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BiographyEdit

Stillman was born to Jewish parents[3] Herman Silverman and Gertrude Rubin (maiden). He adopted the name "Albert Stillman" as a professional pseudonym. He chose the name, reportedly, because it was the recognizable surname of a well-known New York banking family[citation needed]. He was Jewish.[4] He attended New York University. After graduation, he contributed to Franklin P. Adams' newspaper column, and in 1933 became a staff writer at Radio City Music Hall, a position he held for almost 40 years.

Stillman collaborated with a number of composers: Fred Ahlert, Robert Allen, Percy Faith, George Gershwin, Ernesto Lecuona, Paul McGrane, Kay Swift, and Arthur Schwartz. Many of his collaborations with Allen were major hits in the 1950s for The Four Lads; the Stillman/Allen team also wrote hit songs for Perry Como and Johnny Mathis.

Stillman was inducted into the Songwriters Hall of Fame in 1982.

Songs for which Stillman wrote lyricsEdit

Music by Robert AllenEdit

Perry Como hitsEdit

Four Lads hitsEdit

Johnny Mathis hitsEdit

Music by Ernesto LecuonaEdit

OthersEdit

Stage shows with scores by StillmanEdit

  • Howdy
  • Icetime of 1948
  • It Happens on Ice
  • Mr. Ice
  • Stars on Ice
  • Virginia

Movies to which Stillman contributed songsEdit

The FBI Story (1959)(Composed the song "What do I care.")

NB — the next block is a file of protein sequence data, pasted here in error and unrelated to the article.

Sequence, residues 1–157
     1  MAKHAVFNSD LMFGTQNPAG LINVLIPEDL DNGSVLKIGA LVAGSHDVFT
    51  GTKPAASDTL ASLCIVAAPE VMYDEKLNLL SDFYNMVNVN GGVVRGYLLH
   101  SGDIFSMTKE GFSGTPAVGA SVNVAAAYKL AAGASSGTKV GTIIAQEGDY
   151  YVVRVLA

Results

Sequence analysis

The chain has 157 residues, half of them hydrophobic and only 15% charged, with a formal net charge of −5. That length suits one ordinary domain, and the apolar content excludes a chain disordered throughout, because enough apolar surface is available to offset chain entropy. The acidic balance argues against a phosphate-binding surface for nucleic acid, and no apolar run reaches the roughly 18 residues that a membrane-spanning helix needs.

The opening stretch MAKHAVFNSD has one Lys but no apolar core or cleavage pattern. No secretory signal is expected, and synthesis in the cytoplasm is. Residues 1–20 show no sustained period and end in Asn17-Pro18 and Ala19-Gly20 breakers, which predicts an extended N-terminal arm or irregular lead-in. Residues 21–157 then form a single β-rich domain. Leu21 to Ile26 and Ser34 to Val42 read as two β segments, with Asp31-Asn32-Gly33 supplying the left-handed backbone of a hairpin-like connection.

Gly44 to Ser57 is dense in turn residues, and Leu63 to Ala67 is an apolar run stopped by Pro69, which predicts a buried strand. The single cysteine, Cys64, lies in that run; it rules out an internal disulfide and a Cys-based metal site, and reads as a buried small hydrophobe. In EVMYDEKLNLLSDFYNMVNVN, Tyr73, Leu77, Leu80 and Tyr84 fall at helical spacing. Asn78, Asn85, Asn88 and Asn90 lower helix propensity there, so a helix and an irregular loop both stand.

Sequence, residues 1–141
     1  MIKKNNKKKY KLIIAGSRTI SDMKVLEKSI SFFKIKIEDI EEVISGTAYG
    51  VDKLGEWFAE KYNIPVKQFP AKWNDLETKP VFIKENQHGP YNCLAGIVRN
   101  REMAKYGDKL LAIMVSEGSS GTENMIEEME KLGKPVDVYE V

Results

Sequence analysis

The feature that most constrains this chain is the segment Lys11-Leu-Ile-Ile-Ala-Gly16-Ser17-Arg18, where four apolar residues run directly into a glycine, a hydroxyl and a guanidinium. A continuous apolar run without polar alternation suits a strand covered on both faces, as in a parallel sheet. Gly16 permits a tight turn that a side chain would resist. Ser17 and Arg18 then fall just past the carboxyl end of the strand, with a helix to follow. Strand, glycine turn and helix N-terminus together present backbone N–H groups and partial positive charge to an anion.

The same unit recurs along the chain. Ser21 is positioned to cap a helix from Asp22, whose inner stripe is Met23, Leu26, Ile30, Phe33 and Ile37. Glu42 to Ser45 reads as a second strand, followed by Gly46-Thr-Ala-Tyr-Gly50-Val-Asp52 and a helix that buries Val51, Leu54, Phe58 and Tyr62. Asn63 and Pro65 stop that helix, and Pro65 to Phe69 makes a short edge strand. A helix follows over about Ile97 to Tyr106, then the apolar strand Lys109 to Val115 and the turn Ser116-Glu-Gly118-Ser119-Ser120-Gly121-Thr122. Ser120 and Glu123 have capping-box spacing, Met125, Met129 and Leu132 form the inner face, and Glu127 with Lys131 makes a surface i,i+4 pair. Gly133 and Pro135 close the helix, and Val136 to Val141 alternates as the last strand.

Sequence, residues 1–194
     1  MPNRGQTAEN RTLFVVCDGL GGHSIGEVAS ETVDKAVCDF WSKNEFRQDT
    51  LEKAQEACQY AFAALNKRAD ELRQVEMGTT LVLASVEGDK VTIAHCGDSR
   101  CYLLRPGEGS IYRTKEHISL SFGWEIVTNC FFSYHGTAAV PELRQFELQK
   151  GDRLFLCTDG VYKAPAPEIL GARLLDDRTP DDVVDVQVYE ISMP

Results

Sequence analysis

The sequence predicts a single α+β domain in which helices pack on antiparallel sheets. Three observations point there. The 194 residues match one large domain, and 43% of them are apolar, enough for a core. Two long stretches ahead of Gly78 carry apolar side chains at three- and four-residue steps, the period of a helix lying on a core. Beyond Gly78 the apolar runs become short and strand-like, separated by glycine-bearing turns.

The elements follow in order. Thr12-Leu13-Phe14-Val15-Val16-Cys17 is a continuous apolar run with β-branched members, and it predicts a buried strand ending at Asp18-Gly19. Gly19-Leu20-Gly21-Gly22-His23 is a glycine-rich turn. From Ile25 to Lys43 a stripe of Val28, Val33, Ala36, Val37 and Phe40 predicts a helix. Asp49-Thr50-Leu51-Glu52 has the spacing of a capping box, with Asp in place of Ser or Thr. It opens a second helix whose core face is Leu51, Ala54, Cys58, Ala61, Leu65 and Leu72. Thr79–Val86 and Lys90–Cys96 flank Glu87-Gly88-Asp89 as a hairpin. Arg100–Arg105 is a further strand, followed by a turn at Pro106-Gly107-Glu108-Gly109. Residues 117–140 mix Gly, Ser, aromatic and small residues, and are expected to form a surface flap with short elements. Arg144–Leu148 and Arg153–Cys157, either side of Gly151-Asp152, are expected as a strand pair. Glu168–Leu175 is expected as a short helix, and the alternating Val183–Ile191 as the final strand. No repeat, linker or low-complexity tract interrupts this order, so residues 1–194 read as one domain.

FamilyEdit

Stillman, on September 29, 1939, married Pauline Reinfmann (née Patia Reinfmann aka Kaufman; 1906–1990) in Fort Lee, New Jersey.[6] She was born in Russia and became a U.S. naturalized citizen March 22, 1943, in the U.S. District Court for the Southern District of New York. Pauline's sister, Anna "Billie" Swan (née Anna Kaufman; 1905–1992), married, on August 7, 1925, in Manhattan to Einar Aaron Swan (1903–1940), an arranger and composer.

ReferencesEdit

  1. ^ "Albert Irving Silverman," Birth Certificate, New York City Births, 1846–1909, (accessible via FamilySearch, registration required, but is free)
  2. ^ "Albert Stillman" (obituary), New York Times, February 19, 1979, p. D5
  3. ^ Bloom, Nate (December 22, 2014). "All those Holiday/Christmas Songs: So Many Jewish Songwriters!". Jewish World Review.
  4. ^ Bloom, Nate (2006-12-19). "The Jews Who Wrote Christmas Songs". InterfaithFamily. Retrieved 2006-12-19.
  5. ^ Twist & Shout: The Golden Age of American Rock 'N Roll Volume III 1960-1963. Pierian Press. 2002. p. 272. ISBN 978-0964658844.
  6. ^ "New Jersey Marriage Index – Brides: Pauline Kaufman," (1939)

External linksEdit